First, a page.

Later today President Obama will meet with Congressional leaders to take another run at getting Congress to raise the debt ceiling before August 2. While there appears to have been some movement towards what has been described as a “large deal”, with both sides ceding difficult political ground, that effort has apparently collapsed with Republicans rebelling against the inclusion of new revenues in the $4 trillion dollar deficit reduction package. Reports indicate that House Majority Leader Eric Cantor had said he and many other rank and file House Republicans would vote against any deal that includes revenues. The Washington Post summed it up neatly:
The emerging deal, however, quickly appeared to be collapsing under its own ideological weight. Liberals were outraged by Obama’s offer to rein in entitlement spending, particularly Social Security, which congressional Democrats believed would not be a part of the debt-reduction effort. The White House had offered to change the measure of inflation used to calculate Social Security payouts, a shift that could save more than $100 billion over the next decade, according to congressional budget analysts.
Conservatives, meanwhile, were uniformly opposed to raising taxes. That resistance has proved to be the biggest obstacle to a compromise of any size.
A liberal backlash had been taking place publicly, with Minority Leader Pelosi publicly opposing cuts to the entitlement programs. With Boehner being undercut from the right, including the roster of Republican Presidential candidates, and with Obama taking heat from the left, a deal was going to be a high wire act in any case. The President, I am sure, had an inkling that the Speaker was going to have a hard time delivering the Republican caucus on any grand compromise. The Speaker, to his credit, appears to recognize that a debt default would be a disaster for the United States, and was working towards a deal that would have been heavily weighted towards the Republicans. But he was undercut by his own Majority Leader and much of his caucus. Despite the gamesmanship on both sides the Republicans are truly missing a unique opportunity here, and in my opinion are largely responsible for the failure, so far, of the talks. David Brooks had it exactly right when he called acceptance of the proposed “large deal” by Republicans a no-brainer.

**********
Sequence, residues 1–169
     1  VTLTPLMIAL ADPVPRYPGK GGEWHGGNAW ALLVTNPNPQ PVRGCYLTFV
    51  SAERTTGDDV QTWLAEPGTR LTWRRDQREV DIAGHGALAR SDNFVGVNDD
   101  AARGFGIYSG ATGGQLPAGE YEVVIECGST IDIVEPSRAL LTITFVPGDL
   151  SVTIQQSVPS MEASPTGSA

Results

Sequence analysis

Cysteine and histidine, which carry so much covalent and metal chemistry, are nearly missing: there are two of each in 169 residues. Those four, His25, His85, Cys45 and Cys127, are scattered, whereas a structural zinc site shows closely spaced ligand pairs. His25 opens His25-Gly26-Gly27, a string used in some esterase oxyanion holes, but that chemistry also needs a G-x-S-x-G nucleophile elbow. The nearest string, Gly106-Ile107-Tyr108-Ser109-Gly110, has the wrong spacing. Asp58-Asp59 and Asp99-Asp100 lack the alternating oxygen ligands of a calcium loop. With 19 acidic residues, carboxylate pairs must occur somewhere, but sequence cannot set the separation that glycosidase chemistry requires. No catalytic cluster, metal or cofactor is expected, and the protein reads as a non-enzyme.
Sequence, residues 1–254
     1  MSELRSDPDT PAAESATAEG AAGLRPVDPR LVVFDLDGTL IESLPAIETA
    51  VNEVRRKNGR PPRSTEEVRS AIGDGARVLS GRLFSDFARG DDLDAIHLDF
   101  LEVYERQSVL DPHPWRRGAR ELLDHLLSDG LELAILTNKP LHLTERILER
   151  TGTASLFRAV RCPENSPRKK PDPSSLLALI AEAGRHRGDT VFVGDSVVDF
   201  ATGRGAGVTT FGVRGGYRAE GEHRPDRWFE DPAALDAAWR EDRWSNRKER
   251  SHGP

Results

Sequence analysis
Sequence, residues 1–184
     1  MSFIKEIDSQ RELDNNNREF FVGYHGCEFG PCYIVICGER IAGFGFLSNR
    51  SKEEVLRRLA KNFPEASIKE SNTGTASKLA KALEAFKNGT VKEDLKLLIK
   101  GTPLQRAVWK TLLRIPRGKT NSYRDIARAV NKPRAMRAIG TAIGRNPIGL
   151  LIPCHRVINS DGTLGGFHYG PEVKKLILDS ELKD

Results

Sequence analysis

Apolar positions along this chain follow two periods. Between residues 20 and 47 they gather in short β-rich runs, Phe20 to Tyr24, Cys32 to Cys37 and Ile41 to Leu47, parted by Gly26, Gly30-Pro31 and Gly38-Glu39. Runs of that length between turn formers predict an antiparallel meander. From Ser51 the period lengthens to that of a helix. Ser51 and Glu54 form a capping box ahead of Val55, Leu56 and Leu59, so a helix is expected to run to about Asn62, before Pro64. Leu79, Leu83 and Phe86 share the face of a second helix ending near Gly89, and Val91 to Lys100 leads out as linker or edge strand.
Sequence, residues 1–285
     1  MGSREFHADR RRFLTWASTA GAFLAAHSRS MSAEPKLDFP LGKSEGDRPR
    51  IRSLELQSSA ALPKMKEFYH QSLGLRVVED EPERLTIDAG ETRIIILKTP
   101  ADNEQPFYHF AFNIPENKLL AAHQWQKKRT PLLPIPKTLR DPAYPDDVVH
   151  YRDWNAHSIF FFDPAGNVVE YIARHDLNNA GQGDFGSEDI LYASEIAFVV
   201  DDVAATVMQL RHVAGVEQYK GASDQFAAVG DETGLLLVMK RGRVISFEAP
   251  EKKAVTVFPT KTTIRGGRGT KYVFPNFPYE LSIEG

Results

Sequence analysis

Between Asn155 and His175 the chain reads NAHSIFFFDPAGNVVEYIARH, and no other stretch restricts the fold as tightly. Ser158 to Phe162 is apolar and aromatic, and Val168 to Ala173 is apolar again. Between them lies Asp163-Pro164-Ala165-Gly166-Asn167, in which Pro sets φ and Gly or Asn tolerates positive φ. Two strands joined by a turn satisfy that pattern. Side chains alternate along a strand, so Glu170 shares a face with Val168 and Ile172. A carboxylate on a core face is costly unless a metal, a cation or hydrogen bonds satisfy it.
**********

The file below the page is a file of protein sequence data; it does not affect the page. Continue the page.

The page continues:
If the Republican Party were a normal party, it would take advantage of this amazing moment. It is being offered the deal of the century: trillions of dollars in spending cuts in exchange for a few hundred billion dollars of revenue increases.
A normal Republican Party would seize the opportunity to put a long-term limit on the growth of government. It would seize the opportunity to put the country on a sound fiscal footing. It would seize the opportunity to do these things without putting any real crimp in economic growth.
But the Republicans are no longer a force for responsibility in government, and Brooks is right about that as well.
The members of this movement do not accept the logic of compromise, no matter how sweet the terms. If you ask them to raise taxes by an inch in order to cut government by a foot, they will say no. If you ask them to raise taxes by an inch to cut government by a yard, they will still say no.
The members of this movement do not accept the legitimacy of scholars and intellectual authorities. A thousand impartial experts may tell them that a default on the debt would have calamitous effects, far worse than raising tax revenues a bit. But the members of this movement refuse to believe it.
Just about says it all when you have a so-called major Republican candidate for President (Tim Pawlenty) on Meet the Press bragging about taking actions that shut down state government while he was Governor. A core group of leaders in the Party appear to be dismissive of the consequences of failure to raise the debt ceiling, with the smarter Republican members imprisoned by their earlier rhetoric and by the imbecility of those in the Party pushing the country towards default. The Secretary of the Treasury explains some of the real world consequences of having juveniles in charge in the attached clip. It is time for adults to step up and get this done for the sake of the country.